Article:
Members of the Financial Action Task Force (FATF), an anti-money-laundering watchdog based in France, placed Pakistan on the “grey list” of nations with inadequate terrorist financing or money laundering controls. The group was persuaded by Washington to put Islamabad back on the list since its removal in 2015. Members placed the nation on the list for failing to convince them that it was taking adequate measures to prevent money laundering and terror financing.
The United States (US) claims Pakistan is not taking adequate measures to restrict money-raising capabilities of Islamic charities controlled by Hafiz Saeed, who is designated as a terrorist by the North American country. Saeed is also blamed for the 2008 Mumbai attacks in India. While the foreign minister ruled out any Pakistani intentions to retaliate against Washington’s move to place Islamabad on FATF’s listing, he added that his country would continue to reform and improve its capabilities to improve its standing in Britain, Germany and France, who co-sponsored the U.S. motion in Paris.
In the days leading up to the FATF meeting, Pakistan sought to prevent being placed on the grey list by banning parts of Saeed’s Jamaat-ud-Dawa (JuD) and Falah-e-Insaniat Foundation (FIF) charities, which the United States believe is used to fund terrorist fronts for militant group Lashkar-e-Taiba (LeT). Pakistan was able to prevent the first U.S.-led motion from being successful by relying on an objection from members like Turkey, China and the Gulf Cooperation Countries (GCC) countries. However, the motion passed the second time as the GCC and China withdrew their objections following pressure from the United States. According to Pakistani newspaper The Nation, “the decision is a diplomatic blow to Islamabad’s relationship with its ‘all-weather’ friend China, which has invested billions in the country’s infrastructure, and Saudi Arabia, to which Pakistan sent some 1,000 troops earlier this month.’” The move also worsened already strained relations between Pakistan and the United States, who continue to differ on their strategy for combating militants in Afghanistan.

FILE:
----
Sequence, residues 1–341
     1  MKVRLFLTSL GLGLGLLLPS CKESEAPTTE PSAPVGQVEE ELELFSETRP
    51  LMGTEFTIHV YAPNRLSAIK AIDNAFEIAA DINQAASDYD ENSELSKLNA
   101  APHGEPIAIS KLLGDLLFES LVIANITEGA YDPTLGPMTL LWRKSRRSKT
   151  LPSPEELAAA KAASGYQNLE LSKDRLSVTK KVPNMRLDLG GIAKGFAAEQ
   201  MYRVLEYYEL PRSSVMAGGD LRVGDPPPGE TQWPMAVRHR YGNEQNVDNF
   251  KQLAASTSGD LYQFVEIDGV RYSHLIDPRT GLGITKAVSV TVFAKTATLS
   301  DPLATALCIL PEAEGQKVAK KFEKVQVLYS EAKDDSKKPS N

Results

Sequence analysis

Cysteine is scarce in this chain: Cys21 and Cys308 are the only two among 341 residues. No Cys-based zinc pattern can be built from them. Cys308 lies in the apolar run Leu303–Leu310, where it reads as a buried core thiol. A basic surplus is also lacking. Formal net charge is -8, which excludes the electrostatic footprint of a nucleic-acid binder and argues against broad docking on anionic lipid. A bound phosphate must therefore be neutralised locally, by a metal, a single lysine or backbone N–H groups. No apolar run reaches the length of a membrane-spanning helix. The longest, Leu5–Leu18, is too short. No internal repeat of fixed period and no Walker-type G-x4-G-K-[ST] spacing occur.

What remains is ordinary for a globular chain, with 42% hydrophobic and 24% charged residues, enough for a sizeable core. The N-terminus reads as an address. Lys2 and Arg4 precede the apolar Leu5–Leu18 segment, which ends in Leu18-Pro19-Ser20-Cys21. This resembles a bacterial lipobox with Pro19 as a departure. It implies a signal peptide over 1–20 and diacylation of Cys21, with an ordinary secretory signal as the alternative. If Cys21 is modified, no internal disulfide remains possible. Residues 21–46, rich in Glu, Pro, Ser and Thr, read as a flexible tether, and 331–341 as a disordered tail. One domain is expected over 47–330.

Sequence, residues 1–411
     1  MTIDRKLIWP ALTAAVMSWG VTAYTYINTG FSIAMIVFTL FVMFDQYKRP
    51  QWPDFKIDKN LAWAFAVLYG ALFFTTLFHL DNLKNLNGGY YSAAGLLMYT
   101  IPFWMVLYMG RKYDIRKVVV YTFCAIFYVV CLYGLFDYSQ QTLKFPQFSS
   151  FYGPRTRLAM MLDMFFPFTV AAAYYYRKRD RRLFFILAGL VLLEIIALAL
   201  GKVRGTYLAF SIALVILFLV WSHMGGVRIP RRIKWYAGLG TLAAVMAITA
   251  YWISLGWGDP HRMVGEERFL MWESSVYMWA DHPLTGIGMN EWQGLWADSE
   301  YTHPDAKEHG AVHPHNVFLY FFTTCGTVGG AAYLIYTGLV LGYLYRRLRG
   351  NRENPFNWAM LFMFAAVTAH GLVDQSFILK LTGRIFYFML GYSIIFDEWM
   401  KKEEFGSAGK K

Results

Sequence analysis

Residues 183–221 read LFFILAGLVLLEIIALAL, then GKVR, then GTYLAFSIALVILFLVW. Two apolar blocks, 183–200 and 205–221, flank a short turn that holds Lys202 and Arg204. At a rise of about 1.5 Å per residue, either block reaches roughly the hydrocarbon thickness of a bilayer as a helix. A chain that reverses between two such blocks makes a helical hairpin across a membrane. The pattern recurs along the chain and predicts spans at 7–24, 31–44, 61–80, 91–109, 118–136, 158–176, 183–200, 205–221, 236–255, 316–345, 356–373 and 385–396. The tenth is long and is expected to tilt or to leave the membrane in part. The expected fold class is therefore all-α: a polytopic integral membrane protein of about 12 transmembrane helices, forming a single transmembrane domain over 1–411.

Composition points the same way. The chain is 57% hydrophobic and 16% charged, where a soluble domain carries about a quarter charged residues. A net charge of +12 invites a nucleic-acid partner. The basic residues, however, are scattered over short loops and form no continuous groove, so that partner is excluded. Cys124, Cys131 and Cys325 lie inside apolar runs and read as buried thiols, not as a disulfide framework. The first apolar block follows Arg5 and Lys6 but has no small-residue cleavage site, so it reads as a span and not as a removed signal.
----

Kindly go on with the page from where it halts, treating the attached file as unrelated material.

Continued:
The stance makes it harder for Pakistan to raise money from multilateral institutions and attract foreign businesses to the Asian nation. It could also lead to a rating downgrade which is likely to impact the Pakistani economy. Islamabad now has three months to bring about reforms to be officially added to the list in June and prevent the nation from becoming internationally isolated. “We will start meeting on the issue of FATF after March 1 to see what can we do on this and what strategy we can devise,” finance minister Rana Afzal Khan told AFP, adding that Pakistan has not yet received a list of actions it needs to implement. Islamabad hopes to be removed from the greylist in the next 12 months.
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